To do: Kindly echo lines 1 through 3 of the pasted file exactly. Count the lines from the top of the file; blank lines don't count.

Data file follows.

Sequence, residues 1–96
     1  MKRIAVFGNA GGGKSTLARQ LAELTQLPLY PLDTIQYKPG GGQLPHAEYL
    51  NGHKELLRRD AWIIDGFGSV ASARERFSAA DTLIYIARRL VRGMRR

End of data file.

Sequence, residues 1–96
     1  MKRIAVFGNA GGGKSTLARQ LAELTQLPLY PLDTIQYKPG GGQLPHAEYL
    51  NGHKELLRRD AWIIDGFGSV ASARERFSAA DTLIYIARRL VRGMRR